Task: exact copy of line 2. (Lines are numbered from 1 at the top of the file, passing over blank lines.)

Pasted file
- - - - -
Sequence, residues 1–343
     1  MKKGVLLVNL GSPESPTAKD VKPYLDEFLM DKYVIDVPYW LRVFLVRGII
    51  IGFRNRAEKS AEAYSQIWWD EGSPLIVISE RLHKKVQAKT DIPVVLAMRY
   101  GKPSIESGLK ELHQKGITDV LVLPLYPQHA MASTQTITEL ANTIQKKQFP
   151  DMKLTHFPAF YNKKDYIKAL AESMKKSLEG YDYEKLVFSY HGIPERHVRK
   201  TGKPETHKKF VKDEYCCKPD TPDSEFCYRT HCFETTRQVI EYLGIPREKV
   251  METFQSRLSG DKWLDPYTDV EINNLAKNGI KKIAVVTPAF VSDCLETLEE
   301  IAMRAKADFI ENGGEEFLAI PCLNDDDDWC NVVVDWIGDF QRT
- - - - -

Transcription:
     1  MKKGVLLVNL GSPESPTAKD VKPYLDEFLM DKYVIDVPYW LRVFLVRGII